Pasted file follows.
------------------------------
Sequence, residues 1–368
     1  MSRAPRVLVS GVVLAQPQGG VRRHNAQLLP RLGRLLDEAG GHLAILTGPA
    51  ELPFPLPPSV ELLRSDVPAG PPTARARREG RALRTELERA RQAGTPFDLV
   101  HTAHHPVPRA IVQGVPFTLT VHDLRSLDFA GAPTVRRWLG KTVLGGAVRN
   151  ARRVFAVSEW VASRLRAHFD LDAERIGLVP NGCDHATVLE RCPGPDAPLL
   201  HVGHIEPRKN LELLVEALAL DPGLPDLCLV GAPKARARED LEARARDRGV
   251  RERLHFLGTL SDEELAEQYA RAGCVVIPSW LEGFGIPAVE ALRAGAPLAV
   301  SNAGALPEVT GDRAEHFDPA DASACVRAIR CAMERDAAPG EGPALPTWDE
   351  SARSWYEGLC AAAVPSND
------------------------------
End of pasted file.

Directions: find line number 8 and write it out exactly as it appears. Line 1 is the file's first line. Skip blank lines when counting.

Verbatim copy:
   301  SNAGALPEVT GDRAEHFDPA DASACVRAIR CAMERDAAPG EGPALPTWDE